Legendary Wall Street deal maker Robert Greenhill is throwing a lifeline to the firm he founded two decades ago, which has been largely left behind in the recent merger boom.
Greenhill & Co. said its founder, along with current chief executive Scott Bok, will each invest $10 million in the company as part of a broader reorganization that will put a bigger chunk of the company's publicly traded shares back with the company and its executives.
Greenhill plans to borrow to repurchase more than one-third of its stock, and said it would cut or eliminate its dividend, the cost of which is set to exceed operating profits this year.
The recapitalization "addresses a lot of the noise around our stock," Mr. Bok said Monday. He is taking a 90% salary cut as part of the revamp. He said that he and Mr. Greenhill "have great confidence in the future and think the stock represents good value."
Greenhill also said Monday it will borrow $300 million from Goldman Sachs Group Inc. to buy back stock, starting with an open-market offer for up to 9 million shares at $17 apiece, 18% above its closing price Monday. The firm has about 30 million shares outstanding.
The borrowing will triple Greenhill's debt load. Already, some stock analysts had questioned whether the firm had enough cash coming to make its interest payments.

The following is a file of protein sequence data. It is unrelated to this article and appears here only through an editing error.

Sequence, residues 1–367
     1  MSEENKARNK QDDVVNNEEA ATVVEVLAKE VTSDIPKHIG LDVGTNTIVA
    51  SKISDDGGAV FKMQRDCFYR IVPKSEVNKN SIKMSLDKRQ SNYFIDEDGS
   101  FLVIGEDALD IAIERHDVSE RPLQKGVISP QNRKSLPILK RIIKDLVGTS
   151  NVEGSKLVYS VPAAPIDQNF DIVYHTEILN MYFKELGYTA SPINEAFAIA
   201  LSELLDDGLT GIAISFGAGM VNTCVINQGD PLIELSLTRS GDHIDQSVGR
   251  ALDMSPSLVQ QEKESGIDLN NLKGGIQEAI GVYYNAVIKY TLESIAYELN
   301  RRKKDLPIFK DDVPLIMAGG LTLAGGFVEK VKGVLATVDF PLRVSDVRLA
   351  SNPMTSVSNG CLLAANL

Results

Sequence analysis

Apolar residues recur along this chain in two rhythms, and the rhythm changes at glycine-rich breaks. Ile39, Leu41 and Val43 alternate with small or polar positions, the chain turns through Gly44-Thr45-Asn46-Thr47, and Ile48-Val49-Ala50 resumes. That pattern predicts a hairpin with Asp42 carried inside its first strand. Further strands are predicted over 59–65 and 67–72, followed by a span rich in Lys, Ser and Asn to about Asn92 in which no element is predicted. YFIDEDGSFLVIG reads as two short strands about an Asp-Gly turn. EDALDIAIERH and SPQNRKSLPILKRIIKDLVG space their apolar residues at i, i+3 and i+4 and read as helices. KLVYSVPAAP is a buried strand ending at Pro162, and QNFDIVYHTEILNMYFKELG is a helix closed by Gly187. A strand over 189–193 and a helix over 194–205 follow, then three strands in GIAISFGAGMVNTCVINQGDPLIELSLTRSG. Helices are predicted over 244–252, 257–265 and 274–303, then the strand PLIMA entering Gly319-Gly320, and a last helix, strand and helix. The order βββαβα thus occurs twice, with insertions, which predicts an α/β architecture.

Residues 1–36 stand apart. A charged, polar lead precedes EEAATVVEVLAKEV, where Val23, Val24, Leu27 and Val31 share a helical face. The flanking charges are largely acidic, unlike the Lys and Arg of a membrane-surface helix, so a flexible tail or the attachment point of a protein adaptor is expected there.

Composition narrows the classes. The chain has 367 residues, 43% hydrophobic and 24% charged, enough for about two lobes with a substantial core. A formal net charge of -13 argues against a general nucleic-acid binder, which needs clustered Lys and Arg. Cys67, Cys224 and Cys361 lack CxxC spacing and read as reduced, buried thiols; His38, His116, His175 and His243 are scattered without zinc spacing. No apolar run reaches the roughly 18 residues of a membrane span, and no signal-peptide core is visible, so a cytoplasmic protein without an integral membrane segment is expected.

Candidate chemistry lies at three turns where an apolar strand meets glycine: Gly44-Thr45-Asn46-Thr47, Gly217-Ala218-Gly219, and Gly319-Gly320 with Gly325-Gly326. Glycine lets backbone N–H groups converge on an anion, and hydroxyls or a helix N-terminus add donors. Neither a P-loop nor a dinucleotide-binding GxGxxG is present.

"Actual borrowings in the market are a much better measure of debt capacity than the comments of equity research analysts," Mr. Bok said Monday.
Greenhill was the first so-called merger boutique to go public, doing so in 2004, and thrived over the next several years. But it has largely been left out of the most-recent M&A boom, even as boutique rivals have charged up the deal rankings.
Greenhill ranks 49th this year among global deal advisers, down from 16th in 2012, according to research firm Dealogic. Year-to-date revenue is 20% below 2016 and, with few big fees coming soon, executives have signaled the third quarter is likely to be another tough one.
The decline has been costly for Mr. Greenhill, who remains chairman of the company and still owns a 4.3% stake worth an estimated $22 million. At the firm's peak share price in 2009, that same stake was worth $120 million, according to FactSet.
A tireless deal maker who once snowmobiled 15 miles on vacation in rural Maine in search of cellphone reception, Mr. Greenhill has stepped back from the business in recent years, friends and employees say. Key relationships that spurred deals in the firm's early years have gone quiet as key contacts retire.
Write to Liz Hoffman at email@example.com
(END) Dow Jones Newswires
September 25, 2017 18:40 ET (22:40 GMT)